We've dug into the data from the ONS inflation calculator to see the real-world impact on different UK households. We checked those with median after-tax household income (£31,400 per year or £2,617 per month), mean after-tax household income (£37,600 per year or £3,133 per month) and a selection of other income levels for 6 other households with different income levels. Here's what we found:

Household income (per month, after tax)ONS estimated additional monthly costs due to inflationAdditional costs as % of income (i.e. implied inflation)
£2,617 (median)£2208.4%
£3,133 (mean)£2528.0%

As you can see in the table above, the typical UK household with median income is facing a cost of living increase of £220 per month compared to a year ago. This figure is lower for those with less income, and higher for those with more income.

But check out the last column. It shows a figure that gives a better sense of how much a household might really feel the cost of living increases—specifically, the last column shows the cost of living increase as a proportion of household income. As you'll see, for lower-income households this proportion is significantly higher than for higher-income households. For example, the £159/month cost of living increase for households with £1,500 of income represents over 10% of their income. Where is a household supposed to come up with an extra 10% to pay for these cost rises? Add to that, the items contributing most to their cost-of-living increases are related to basic needs like rent/housing, energy, and food and drink.

As income rises, two things happen. Firstly, the cost of living increase becomes a smaller and smaller proportion of income. That makes cost of living increases easier to absorb for those earning more. For example, for households with a higher monthly income of £7,000, the cost of living increase only represents 5% of their income.

Secondly, there is a shift in which items contribute the most to cost-of-living increases—for example, where lower-income households are struggling with higher grocery bills, higher-income households with £10,000 a month of income are taking the food-related hit in the form of higher restaurant charges when eating and drinking out. And lower-income families struggle with basic needs, really feeling the impact of the energy crisis; in contrast, the larger overall budgets of higher-income households mean that the rise in energy, while surely an annoyance, is not one of the 5 items causing them the most headaches.

The table below shows, for various income levels, which 5 items are contributing the most to cost-of-living increases (and the estimated cost-of-living increase in GBP).

Biggest contributers to cost-of-living increases by monthly, a/t household income

£1,000 income/month£1,500 income/month£2,000 income/month£2,617 (median income)£3,133 (mean income)£5,000 income/month£7,000 income/month£10,000 income/month
1Energy bills (£19.6)Energy bills (£20.2)Energy bills (£22.1)Homeowner housing costs (£22)The purchase of vehicles (£26)Homeowner housing costs (£38)Homeowner housing costs (£45.2)Homeowner housing costs (£64.1)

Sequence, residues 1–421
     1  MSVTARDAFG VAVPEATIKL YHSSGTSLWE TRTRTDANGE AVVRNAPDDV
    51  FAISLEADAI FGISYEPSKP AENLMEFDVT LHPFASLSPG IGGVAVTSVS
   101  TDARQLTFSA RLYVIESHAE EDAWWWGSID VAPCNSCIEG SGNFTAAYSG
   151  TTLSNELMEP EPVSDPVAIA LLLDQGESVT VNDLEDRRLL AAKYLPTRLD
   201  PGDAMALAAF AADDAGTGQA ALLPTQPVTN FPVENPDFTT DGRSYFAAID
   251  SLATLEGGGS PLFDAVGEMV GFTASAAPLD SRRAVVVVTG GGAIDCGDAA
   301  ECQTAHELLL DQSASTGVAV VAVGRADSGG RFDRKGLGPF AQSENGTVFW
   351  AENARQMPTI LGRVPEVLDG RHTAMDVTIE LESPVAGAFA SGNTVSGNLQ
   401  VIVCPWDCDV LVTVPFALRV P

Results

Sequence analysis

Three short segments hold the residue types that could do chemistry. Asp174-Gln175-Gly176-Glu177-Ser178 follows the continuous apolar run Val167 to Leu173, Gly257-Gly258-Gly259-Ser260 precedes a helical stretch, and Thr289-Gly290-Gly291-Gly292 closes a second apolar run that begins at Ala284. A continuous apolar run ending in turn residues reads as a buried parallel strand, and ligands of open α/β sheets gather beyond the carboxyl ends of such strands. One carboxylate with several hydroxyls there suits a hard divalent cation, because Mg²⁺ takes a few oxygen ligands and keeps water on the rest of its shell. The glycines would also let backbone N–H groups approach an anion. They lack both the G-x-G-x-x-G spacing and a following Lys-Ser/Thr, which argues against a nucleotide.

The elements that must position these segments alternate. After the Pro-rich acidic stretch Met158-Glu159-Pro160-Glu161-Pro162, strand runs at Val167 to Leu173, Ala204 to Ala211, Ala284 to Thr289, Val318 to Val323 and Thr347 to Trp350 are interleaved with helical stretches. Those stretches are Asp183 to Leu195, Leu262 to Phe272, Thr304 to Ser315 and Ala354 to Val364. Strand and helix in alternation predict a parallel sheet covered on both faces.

2Food and drink (£13.2)Rent (£17.8)Homewares (£18.2)Energy bills (£21.1)Homeowner housing costs (£25.7)Petrol or diesel (£36.4)Petrol or diesel (£34.4)Homewares (£48.5)
3Rent (£11.5)Food and drink (£15.6)Petrol or diesel (£18.1)Petrol or diesel (£21)Petrol or diesel (£24)Homewares (£29)Homewares (£32.1)The purchase of vehicles (£45.9)
4Homewares (£10.7)Homeowner housing costs (£13.9)Food and drink (£17.4)Food and drink (£19.9)Rent (£22.3)The purchase of vehicles (£27)The purchase of vehicles (£28)Petrol or diesel (£38)
5Homeowner housing costs (£10.5)Homewares (£13.3)Rent (£17.1)Homewares (£19)Energy bills (£21.5)Food and drink (£24.7)Food and drink (£26.5)Eating and drinking out (£36.5)

Lower income households are mostly affected by energy bill rises, followed by food and drink, rent, homewares and homeowner housing costs.

The typical household (£2,617 of monthly after-tax income, which is the median figure) is mostly affected by homeowner housing costs (£22 extra per month), energy bills (£21.1), petrol/diesel (£21), food and drink (£19.9) and homewares (£19).

Since higher income families spent so much more on categories like housing, petrol/diesel, homewares, vehicle purchass and food, you'll notice that energy bill increases have a small relative impact on these households—not making the list of top 5 contributors to cost-of-living increases.


As of March 2022, the current inflation rate in the UK was 6.2%—the highest it's been for 30 years.

Inflation is a measure of how much prices have increased. Usually, it shows the change from a year ago, so a 6% inflation rate would mean that prices are now 6% higher than they were a year ago. For example, if a tv cost £100 last year, this year it would cost £106.

In a period of higher inflation, interest rates are usually raised which has the effect of making borrowing more expensive—as a result, people borrow less and have less money to spend. This in turn can help to lower inflation rates. Interest rates are usually changed by central banks like the Bank of England in response to inflation, to keep inflation in check.

Find out the impact of inflation on your budget

Use the ONS inflation calculator below to enter your specific spending data. It will tell you your personal inflation rate, how much extra you might be out of pocket each month now compared to a year ago and identify which five items contribute the most to your cost-of-living increases.